New to investing or established but want a quick refresher? Here are six tips to consider when investing.
Work out why
The reason why you are investing can affect the approach you are taking. If you are trying to build up a nest egg to fund retirement, or financial freedom, when you are not dependent on working to enjoy a reasonable income, then you need to apply one type of approach - typically with a long-term time horizon and opting for a high proportion of growth stocks.
If you are retired and have a lump sum, and need an income, then mature companies which pay out substantial dividends may be appropriate.
If you are trying to build up a sum of money to buy a car, or put down a deposit on a house, in say five years’ time, then that requires one approach, if on the other hand the time frame you are targeting is less important - then more risky stocks may be appropriate.
Remember the difference between volatility and risk
There is a general assumption that investing in equities is risky. I don’t agree. If you obey certain rules - more of that in a moment - and have a long-term investing horizon, then equities are not so risky. Equities are, however, more volatile. In the short run, they can rise or fall in value quite rapidly. In the long run, on aggregate, history tells us they outperform most other asset classes. By contrast, in the long run, if you want to avoid the ravages of inflation, cash can be quite risky. If the interest rate minus tax rate is less than inflation, then cash is a guaranteed way to lose money over time.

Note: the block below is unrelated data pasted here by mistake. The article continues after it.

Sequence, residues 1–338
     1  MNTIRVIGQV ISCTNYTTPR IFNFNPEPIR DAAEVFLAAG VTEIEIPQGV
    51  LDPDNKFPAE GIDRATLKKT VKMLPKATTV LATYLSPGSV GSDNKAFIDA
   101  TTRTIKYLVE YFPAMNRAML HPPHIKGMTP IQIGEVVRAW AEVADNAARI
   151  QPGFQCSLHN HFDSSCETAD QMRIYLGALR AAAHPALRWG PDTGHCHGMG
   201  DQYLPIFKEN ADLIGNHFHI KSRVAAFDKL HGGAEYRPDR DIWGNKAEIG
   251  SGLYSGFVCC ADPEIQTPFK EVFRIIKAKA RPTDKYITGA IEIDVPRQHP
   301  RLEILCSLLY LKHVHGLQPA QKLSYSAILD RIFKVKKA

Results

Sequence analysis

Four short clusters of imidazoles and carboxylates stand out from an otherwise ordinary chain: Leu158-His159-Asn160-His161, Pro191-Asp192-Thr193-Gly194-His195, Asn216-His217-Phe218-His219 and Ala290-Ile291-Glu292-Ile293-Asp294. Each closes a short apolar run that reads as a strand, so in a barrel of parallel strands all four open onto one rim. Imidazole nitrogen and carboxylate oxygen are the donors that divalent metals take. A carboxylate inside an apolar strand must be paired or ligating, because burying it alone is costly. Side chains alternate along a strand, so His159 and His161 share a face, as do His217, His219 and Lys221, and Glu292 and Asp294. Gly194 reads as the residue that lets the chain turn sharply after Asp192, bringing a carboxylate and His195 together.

Don’t use your portfolio as a bank account
Don’t see your investing portfolio as something you can dip into as and when the need arises. Rather, withdraw from it following rules you have set yourself - such as only withdrawing dividends or when your portfolio has reached a certain milestone. There is another way to look at it, sell because you think the timing is right, not because you have to.
Diversify - but really diversify. If you hold lots of stocks, but they all operate in similar sectors, then that is not sufficient diversification. Go for non-correlated stocks too. Some stocks are less sensitive to the economic cycle. Some stocks do well when others struggle, for example commodities and consumer stocks tend to follow different cycles.
Hold some cash - keep some powder dry
Don’t put all of your portfolio in equities, except under certain circumstances. Stocks rise and fall. Occasionally, stock markets see a crash. This happened in 1987, 2000 and 2008. Even if you were unlucky enough to create your portfolio the day before the crash, over time, your portfolio should still have outperformed cash. But the period following a crash can create a real buying opportunity - so some cash can enable you to buy in such times. Set yourself pre-defined rules - for example, buy stock if markets fall by 30 per cent.
Beware endowment bias
Psychologists tell us we tend to put more value on what we own - for example, a ticket to a concert we are interested in may cost £50 and we choose not to buy it because of the price. If we were to win the ticket in a competition and someone offers to buy it off us for £50, we often say ‘no.’ Don’t become a victim of this effect, what psychologists call the endowment effect. Don’t hold on to stocks that you wouldn’t buy if you didn’t already own them.
These views are those of the author alone and do not necessarily reflect the view of The Share Centre, its officers and employees.